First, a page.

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SPRING/BREAK 2019 'FACT AND FICTION': David B. Frye: The Lincoln Paintings

Exhibition dates: March 5th 11am-8pm, March 6th - 11th 11am - 7pm

866 U.N. PLAZA // Entrance at 48th Street and 1st Avenue

David B. Frye explores alternative versions of American history in The Lincoln Paintings, a series of painted wood panels in carved wood frames. In Frye’s version of history, a sexualized world of shifting power dynamics is a counterpoint to saccharine Americana. The Lincoln Paintingsare unlimited by reality, telling a story that, while false, illustrates hard-to-place truths.

Frye’s paintings both fantasize and critique uneven power dynamics through the snake cock motif. These cocks cannot be contained, offering a visualization of the absurdity of white patriarchal power.

Frye presents the unbridled exploitation of colonial power and the unchecked passions of founding fathers and contrasts these with ideals of free love and individual agency.While other bodies of work more directly approach his own family’s history as slaves, Frye critiques America’s internal diplomacy towards white slave owners and their attempt to whitewash the end of slavery into a tale of white heroes and grateful, compliant slaves.

Lincoln was, in Frye’s words, “an avatar of virtue,” a role that is always a fiction. If Lincoln is the spotless hero, then we don’t have to be heroes ourselves or fight against forced prison labor ratified by the 13th amendment. David B. Frye’s The Lincoln Paintings lampoon Lincoln’s virtually spotless reputation, celebrate sex, implicate white power, and warn against obedience in all its forms.

In the artist’s words:

“American historical painting has, for the most part, always been about ideals and ideal realities. Americana is an ideal representation of the glory of us. Through this device, painting is frequently pressed into the service of some perceived “good” to our society. I think of the happy slaves one sees romping through their chores at the splendid home of George Washington. I can promise you all, there is such a painting. It hangs at the Metropolitan Museum of Art. I did not paint it, of course, but it is as much a product of lies as any thing I ever dreamt up. Such a painting not only tells the “story of George Washington,” it supports an ideal social order that many Americans are comfortable with. Think of pious Christian mothers free from the struggles and trials of women, or walls filled with images of those soldiers who do not bleed, but walk eternally towards the glory of battle. Our national story is made clean by means of these symbolic realities. Our history is thereby expunged of the lessons hidden in its tragedy. This may be seen as the noble lie that Plato spoke of.” –David B. Frye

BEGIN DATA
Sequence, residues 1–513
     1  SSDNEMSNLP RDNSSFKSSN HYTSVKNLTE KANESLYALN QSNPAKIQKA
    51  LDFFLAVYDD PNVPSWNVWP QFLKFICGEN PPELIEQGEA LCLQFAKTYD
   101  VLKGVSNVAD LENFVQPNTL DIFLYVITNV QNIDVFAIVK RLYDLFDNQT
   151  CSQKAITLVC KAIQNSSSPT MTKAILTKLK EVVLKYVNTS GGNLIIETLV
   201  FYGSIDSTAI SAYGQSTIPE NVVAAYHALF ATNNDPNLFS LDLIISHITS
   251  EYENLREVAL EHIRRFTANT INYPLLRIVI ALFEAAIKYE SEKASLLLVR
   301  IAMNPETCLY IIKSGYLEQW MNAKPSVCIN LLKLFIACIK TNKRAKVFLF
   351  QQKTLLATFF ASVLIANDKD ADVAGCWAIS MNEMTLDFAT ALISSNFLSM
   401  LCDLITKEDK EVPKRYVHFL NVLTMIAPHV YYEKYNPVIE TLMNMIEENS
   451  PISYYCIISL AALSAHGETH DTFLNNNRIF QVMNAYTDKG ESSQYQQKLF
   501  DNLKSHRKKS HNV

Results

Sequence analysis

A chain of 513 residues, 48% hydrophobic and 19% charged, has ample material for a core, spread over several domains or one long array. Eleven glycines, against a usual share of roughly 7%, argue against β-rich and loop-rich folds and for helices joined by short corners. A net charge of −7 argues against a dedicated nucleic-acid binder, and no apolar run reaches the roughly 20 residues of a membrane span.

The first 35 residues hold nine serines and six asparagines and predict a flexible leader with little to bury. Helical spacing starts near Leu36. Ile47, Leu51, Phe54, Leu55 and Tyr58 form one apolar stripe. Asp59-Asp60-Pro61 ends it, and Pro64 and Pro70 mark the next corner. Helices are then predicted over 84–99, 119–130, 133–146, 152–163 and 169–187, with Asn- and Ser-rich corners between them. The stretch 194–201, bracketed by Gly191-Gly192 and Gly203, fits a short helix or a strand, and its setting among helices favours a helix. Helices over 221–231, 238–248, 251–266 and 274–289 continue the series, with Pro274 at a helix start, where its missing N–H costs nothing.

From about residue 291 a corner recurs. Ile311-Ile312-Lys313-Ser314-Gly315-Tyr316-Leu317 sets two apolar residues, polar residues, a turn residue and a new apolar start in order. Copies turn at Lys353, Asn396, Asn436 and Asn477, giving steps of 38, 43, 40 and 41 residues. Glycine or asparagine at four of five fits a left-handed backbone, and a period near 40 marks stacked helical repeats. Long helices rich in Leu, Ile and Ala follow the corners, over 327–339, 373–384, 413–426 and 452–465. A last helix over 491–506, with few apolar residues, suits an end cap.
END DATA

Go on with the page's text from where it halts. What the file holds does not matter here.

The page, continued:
When I discovered Art, I was drawn into the hell fire and brimstone of a Bosch painting, the otherworldliness in it made me pause. I connected with the belief that drove a man to make Hell real. Then discovered within those works a hidden hand. The absurd nature of humanity’s suffering. A dark humor. I started painting when I was 15 years old. I still find new heroes in art. Over the years I kept working. I ended up studying painting and printmaking at John Herron school of Art in Indianapolis where I earned a B.F.A. In 1985. I moved to Richmond, Virginia where I received a M.F.A from Virginia Commonwealth University. Over the many years I have maintained a practice and exhibited as an artist. –David B. Frye

Install shot by Samuel Morgan Photography



"This curator-driven fair has been, as its name suggests, the youngest, most raucous and most egalitarian of the New York fairs...the fair remains the place to find new art." - Roberta Smith, The New York Times

"As always, curators have brought with them an impressive squad of artists, many emerging, and a bold vision, collectively transforming the unconventional space into the city’s coolest art venue." - Sarah Cascone, Artnet

"Spring/Break, now in its eighth edition, is unlike any other exhibition at this time of year – it puts statement before sale." - Nadja Sayej, The Guardian

“Now in its eighth year of bringing weird and wonderful art into unlikely spaces, Spring/Break [is] traditionally the best show in town during jam-packed Armory Arts Week.” - Scott Lynch, Gothamist

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